I listened with interest to Ep 113 of the podcast, with @LorenHaarsma, on original sin. It was brought up by @jstump that some people feel the entire Gospel rests upon a particular view about original sin.
At that point, I paused the podcast and thought about it a bit.
In chats I’ve had with brothers and sisters since recently coming to faith, to me, it seems the most pivotal point for them is the origin of death (being, they say, sin), not the origin of sin.
So far I’ve put that in the “clearly wrong but let me spend some time maturing as a Christian before I tackle it” basket. I mean, clearly the very good world God created absolutely depends upon death, as anyone who has thought about biology or ecology must appreciate.
But also this week I caught a lecture by Tim Keller that directly challenged my view of death as okay. “Questioning Christianity” podcast, ep title “Hopefulness”.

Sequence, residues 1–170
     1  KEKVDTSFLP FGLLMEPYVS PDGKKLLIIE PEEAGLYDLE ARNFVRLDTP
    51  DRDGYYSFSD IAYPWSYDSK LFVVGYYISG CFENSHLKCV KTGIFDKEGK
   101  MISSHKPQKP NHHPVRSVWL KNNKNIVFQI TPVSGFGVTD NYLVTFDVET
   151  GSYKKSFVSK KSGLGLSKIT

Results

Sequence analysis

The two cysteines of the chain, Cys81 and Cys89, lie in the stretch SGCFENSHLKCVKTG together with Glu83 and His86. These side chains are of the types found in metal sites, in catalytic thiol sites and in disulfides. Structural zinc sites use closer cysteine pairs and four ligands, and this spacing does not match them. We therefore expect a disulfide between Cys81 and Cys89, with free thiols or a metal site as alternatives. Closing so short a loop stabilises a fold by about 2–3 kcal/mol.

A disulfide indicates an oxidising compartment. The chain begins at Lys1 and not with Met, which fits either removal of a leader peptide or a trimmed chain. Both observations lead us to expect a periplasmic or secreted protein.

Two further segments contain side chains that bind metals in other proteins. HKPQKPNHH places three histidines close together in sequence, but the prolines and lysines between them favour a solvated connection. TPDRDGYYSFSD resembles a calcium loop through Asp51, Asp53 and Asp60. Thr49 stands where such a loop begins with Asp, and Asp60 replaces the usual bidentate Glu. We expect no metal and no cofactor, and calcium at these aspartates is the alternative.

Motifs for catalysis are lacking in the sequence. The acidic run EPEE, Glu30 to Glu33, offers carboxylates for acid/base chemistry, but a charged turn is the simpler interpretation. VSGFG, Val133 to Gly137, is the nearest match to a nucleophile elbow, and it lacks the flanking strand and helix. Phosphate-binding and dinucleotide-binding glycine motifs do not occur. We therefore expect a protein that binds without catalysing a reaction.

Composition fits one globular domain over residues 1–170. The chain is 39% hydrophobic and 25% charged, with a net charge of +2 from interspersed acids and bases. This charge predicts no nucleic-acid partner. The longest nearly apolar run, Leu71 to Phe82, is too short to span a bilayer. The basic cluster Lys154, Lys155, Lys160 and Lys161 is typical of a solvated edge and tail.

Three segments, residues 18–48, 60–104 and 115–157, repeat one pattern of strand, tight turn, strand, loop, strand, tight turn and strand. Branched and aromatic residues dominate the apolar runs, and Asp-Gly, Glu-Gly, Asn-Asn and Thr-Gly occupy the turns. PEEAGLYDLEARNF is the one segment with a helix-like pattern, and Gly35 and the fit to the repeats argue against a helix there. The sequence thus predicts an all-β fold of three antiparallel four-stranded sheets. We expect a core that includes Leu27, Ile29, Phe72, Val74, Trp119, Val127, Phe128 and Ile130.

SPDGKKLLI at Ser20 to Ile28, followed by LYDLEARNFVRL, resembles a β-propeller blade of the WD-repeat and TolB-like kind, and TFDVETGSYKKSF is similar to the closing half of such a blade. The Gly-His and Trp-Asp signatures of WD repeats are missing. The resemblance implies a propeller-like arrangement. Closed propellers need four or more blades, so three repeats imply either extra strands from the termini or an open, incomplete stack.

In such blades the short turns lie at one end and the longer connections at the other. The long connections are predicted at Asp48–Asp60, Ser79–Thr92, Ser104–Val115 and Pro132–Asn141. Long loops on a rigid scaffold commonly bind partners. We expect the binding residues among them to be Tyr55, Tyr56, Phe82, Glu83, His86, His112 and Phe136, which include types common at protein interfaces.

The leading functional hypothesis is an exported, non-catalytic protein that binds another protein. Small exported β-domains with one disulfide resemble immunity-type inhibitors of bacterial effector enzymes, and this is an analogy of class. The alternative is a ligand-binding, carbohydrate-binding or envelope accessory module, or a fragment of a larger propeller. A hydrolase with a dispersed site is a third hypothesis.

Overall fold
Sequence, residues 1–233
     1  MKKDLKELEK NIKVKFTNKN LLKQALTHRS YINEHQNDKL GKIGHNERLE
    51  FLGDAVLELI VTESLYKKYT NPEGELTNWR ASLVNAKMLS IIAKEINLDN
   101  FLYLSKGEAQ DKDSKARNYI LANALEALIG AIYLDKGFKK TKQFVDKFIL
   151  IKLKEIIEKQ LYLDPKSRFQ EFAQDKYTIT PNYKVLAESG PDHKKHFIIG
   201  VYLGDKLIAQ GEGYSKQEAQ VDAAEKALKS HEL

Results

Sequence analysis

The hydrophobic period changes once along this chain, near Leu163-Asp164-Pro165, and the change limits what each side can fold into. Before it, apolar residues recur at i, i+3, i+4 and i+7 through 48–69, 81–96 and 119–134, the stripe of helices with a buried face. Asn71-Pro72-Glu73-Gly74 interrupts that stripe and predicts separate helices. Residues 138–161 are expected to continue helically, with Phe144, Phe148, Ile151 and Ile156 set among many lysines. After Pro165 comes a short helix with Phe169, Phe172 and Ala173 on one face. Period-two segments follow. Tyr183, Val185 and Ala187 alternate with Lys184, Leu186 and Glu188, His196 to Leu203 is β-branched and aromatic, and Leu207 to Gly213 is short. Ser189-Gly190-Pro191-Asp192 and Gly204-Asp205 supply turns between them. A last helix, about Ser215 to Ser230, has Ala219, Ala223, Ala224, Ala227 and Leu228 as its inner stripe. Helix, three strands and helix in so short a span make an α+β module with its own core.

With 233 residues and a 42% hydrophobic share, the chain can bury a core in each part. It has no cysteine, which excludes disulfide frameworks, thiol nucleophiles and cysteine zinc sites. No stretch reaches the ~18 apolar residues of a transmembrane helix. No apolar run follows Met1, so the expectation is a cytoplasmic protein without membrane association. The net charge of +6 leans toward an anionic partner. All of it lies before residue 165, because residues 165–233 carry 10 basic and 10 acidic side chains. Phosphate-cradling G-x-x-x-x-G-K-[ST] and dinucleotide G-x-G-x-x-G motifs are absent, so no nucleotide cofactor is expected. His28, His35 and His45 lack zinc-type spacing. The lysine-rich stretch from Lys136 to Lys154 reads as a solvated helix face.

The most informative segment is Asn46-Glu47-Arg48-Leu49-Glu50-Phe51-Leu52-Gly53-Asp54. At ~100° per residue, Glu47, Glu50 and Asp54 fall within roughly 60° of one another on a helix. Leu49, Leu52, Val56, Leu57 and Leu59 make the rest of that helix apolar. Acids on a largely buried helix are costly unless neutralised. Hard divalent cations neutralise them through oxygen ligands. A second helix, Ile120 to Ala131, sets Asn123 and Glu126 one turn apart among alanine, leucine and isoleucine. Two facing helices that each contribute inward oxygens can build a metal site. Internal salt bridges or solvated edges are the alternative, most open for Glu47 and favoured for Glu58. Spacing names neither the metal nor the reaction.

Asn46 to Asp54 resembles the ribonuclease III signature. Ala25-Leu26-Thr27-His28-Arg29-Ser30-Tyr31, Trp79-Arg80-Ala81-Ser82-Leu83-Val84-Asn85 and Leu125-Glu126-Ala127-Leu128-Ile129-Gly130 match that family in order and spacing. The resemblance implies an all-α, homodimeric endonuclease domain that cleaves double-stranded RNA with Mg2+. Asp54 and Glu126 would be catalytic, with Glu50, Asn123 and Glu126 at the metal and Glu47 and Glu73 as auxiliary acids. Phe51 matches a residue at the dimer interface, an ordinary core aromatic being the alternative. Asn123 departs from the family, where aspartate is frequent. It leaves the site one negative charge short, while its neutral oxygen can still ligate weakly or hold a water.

Keller (26:12) references two “deep, deep, deep human intuitions about death”. First, “death is not natural.” Second, “it’s not right. It’s wrong.”
Keller’s lead-in and follow-up to this are both great. But I have searched myself and I really can’t relate. Before coming to faith, l did a lot of thinking about death, in terms of food ethics. But l really don’t think l talked myself into accepting death. I think I always did.
I find Tim Keller very insightful. And l do rate widespread deep-seated gutfeel as epistemologically worhwhile. (See CS Lewis, “Creatures are not born with desires unless satisfaction for those desires exists.”) And l am prepared to accept l am odd and defective in my gutfeels.
But my question is, how can Keller’s position be reconciled with the scientific consensus on the evolution of life? Science says death didn’t come later, either suddenly or gradually, but rather, it was part of life all along.